The Remote Readiness Diamond

It's no coincidence that we're experiencing a boost in remote work right now while Covid-19 is changing the world. We are entering the sixth Kondratiev cycle, in which holistic health is the central subject. This includes a healthy remote culture, which we characterize in a special diagram: the Remote-Readiness Diamond.

Covid-19 Is Boosting Remote Work?! Really? Why now...?

Autumn 2019… does anyone remember that? Another world! As a graduate founder at the Founder Institute Berlin, I presented our project timz.flowers about a dozen times and tried to explain to the audience that remote work is not a niche but a megatrend rolling towards us.

Then Covid-19 hit, and the statistics, which predicted a remote share of 50 percent of the total workforce for 2027, were outperformed. If we ask today why remote work is suddenly so ubiquitous, the spontaneous answer is Covid-19!

But is it true? Or is there something bigger behind it?

Well, here it is worthwhile to take a look at the studies of the futurologist and economist Leo Nefiodow, who has spent decades analyzing the so-called K-Waves. These are the long-wave movements in market development that became famous through Nikolai Kondratiev‘s prognoses and on which Joseph Peter Schumpeter based his Nobel Prize-winning innovation theory of creative destruction.

According to the K-waves, the industrial development of humanity since 1780 moved in five cycles until the present. Now we are about to enter the sixth cycle, and according to Leo Nefiodow’s prognosis of 1996, one topic will dominate this phase: psychosocial or holistic health. We can discuss what exactly this is.

Covid-19 is a significant event that may represent the fulminant entry point into the sixth cycle. There are voices among Kondratiev analysts who interpret holistic health more broadly, and this is precisely where the connection to the phenomenon of remote work arises.

One of the significant psychosocial problems of recent decades is burnout, a syndrome tied to our current corporate culture. Uniform, artificial office structures impoverish the sensory experiences of workers. In compulsive rhythms—eight hours a day, five days a week, eleven months a year—they are forced into lifestyles that dramatically contradict their biological origins.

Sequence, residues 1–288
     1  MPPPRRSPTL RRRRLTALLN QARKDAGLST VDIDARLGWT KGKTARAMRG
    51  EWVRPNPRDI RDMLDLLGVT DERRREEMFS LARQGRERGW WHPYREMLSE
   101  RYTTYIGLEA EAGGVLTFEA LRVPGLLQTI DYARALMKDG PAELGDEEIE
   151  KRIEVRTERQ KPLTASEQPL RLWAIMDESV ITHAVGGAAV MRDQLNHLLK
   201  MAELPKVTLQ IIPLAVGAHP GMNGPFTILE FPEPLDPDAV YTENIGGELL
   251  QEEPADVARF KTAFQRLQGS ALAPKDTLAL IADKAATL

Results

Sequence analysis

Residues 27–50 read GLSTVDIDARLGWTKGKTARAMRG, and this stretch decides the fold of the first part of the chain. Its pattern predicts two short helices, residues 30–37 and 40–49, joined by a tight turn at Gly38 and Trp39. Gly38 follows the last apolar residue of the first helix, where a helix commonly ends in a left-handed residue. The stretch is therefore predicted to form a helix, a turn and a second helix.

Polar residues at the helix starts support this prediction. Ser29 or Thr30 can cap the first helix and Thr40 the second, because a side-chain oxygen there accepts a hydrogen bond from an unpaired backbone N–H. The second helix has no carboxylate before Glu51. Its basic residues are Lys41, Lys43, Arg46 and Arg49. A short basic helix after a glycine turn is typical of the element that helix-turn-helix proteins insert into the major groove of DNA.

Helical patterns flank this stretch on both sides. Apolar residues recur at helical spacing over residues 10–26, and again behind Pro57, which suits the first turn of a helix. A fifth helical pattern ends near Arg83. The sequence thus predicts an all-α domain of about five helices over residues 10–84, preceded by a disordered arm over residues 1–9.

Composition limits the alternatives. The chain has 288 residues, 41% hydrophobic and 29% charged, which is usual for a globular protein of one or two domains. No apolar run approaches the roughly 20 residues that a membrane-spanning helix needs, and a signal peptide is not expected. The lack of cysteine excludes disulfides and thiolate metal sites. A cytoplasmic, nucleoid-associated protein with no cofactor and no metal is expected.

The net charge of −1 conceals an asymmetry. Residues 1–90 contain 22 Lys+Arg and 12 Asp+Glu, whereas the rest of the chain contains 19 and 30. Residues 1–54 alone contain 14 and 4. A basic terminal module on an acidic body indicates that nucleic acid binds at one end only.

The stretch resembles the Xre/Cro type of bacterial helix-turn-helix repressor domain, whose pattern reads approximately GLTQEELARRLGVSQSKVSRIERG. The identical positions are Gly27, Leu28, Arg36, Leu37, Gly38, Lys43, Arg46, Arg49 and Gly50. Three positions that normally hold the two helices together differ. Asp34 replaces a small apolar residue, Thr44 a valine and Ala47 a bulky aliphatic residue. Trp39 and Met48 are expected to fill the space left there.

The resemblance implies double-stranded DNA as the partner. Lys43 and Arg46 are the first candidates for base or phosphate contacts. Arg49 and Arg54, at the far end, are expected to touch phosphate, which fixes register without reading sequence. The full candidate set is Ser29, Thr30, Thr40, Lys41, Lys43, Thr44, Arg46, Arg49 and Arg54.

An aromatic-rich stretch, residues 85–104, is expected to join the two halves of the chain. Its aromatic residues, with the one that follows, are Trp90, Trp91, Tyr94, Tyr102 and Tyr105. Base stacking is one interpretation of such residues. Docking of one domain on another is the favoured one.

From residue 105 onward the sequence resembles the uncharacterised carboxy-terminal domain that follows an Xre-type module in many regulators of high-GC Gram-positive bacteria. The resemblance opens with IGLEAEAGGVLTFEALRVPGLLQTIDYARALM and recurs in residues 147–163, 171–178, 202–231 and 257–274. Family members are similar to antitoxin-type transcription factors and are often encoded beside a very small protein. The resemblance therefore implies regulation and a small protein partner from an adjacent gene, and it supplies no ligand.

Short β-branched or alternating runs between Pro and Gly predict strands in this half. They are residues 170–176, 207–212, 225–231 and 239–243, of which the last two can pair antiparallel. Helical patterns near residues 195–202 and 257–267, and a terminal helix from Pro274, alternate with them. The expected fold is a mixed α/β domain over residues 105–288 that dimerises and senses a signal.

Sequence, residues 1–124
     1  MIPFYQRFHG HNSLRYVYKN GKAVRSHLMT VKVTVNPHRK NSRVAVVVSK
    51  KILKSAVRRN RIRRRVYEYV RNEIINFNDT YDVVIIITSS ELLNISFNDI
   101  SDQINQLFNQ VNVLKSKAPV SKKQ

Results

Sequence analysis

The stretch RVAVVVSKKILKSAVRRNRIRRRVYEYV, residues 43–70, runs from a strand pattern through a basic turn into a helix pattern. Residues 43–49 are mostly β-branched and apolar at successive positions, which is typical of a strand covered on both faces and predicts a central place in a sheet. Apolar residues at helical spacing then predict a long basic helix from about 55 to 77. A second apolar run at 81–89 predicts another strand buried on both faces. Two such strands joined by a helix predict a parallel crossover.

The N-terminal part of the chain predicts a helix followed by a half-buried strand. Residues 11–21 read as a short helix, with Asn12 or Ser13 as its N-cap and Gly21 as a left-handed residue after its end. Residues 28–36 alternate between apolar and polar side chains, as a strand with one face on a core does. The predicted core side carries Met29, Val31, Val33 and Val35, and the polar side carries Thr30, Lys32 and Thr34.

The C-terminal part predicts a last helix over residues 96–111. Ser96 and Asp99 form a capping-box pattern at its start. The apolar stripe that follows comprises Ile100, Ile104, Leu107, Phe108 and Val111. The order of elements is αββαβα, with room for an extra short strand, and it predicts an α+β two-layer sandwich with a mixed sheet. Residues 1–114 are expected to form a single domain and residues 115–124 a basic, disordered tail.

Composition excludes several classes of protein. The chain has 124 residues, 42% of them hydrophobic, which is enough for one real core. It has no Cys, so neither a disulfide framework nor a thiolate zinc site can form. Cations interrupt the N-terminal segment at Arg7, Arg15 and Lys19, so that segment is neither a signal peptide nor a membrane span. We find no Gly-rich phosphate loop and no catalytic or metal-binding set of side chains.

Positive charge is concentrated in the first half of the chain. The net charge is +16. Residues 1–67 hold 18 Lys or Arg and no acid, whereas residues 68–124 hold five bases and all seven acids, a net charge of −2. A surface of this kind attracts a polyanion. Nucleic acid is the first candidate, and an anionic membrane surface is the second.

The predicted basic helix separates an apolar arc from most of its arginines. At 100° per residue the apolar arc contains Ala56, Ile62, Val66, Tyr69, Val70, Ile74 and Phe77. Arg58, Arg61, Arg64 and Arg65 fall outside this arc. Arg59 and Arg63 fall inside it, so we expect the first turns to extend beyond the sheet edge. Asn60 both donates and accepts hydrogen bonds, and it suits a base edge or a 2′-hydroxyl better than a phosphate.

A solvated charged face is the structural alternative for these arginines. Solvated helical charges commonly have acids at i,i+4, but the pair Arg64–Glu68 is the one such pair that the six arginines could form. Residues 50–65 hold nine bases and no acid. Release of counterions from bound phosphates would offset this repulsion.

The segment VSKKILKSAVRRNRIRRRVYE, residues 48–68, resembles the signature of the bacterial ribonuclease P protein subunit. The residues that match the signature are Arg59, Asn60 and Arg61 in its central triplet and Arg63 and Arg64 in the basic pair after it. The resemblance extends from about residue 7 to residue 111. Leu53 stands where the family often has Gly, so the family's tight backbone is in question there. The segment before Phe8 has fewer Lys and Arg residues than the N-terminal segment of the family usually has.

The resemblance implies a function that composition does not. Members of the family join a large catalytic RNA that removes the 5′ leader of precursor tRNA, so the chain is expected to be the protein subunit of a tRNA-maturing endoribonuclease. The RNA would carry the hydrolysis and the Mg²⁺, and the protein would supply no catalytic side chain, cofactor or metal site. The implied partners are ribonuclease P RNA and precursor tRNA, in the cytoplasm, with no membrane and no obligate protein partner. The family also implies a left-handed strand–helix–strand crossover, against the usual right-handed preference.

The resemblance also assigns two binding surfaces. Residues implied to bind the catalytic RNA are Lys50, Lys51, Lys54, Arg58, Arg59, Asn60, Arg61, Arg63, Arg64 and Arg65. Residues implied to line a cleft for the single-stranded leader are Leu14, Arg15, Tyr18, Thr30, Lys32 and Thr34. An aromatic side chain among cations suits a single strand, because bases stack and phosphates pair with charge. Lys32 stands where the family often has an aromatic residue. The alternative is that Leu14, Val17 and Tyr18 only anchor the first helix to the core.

Work-life balance currently means that workers go to the office for a set duration, then fill their leisure time with sport in the evenings or at weekends to further increase their performance during office hours. The younger generation, in particular, realizes this concept does not meet their expectations of a fulfilled life. Many do not want to be imprisoned in such a context.

Is it a coincidence that we speak of work-life balance and differentiate between work and life or a mistake?

So What's the Alternative?

It sounds like an irony of fate that a dangerous virus will free the working world from these malicious methods. With this event, the eyes of the world are turning to the subject of health. As a side effect, many destructive processes are being corrected that have no place in an age of holistic health. 

However, I don’t want to discuss the CO2 emissions of nations and their climate goals here but rather focus on remote work. Of course, in many professions, remote work is already an alternative to the work processes described above. I assume this will soon also apply to jobs where it seems unimaginable today, such as medical diagnosis and treatment discussions with patients and experts, where remote input can boost the knowledge of a situation.

We are only at the dawn of a remote world, and we need to develop an idea of what this means. For example, the following questions arise:

  • How can the employer trust that the worker is working? Or is this already an outdated understanding of roles?
  • How do human connections and trust develop when coworkers hardly see each other?
  • How does alignment in terms of goals, methods, products, and values come about?
  • Is the coworker able to manage his time responsibly?

The answers to these questions lie in the concept of people that we cultivate; it is the question of the remote readiness of collaborators and teams.

The Remote-Readiness Diamond

We built timz.flowers as a remote-only company. In this way, we learned how to create an ideal remote tool. When new team members are onboarding, we try to understand the remote readiness of each applicant. For this process we have developed the following diagram, the Remote-Readiness Diamond.

In an era of holistic health, we must work with a holistic view of humanity to connect as a company to the general development. Following Ken Wilber’s quadrant theory, we have defined twelve characteristics that a person or organization needs to be remotely capable.

We noticed that especially the opposite pairs in the diamond are powerful complementary partners.

Self-Responsibility & Representation

Self-Responsibility & Representation

The upper left quadrant describes the Inner-Me—those aspects of personality that function deep within the coworker. This is where self-responsibility for central areas of life plays a decisive role. Only the individual can know what interests them and how to develop their skills. Performance and motivation are their responsibility. They decide each day whether the job is right for them and whether it produces enough social security to survive and be happy in the long term.

I am not referring here to labor and social law considerations. We are entering a gig economy where freelance contracts dominate and actors come together as spontaneous swarms. Teams are becoming more international, comprising freelancers from different countries and continents.

Long-term social security is naturally performance-based in start-ups. We will see how the Covid-19 crisis drives general basic income in advanced countries, providing underlying social security in the medium term. The labor laws of the twentieth century, which still dominate legislation today, will have to adapt actively to these trends.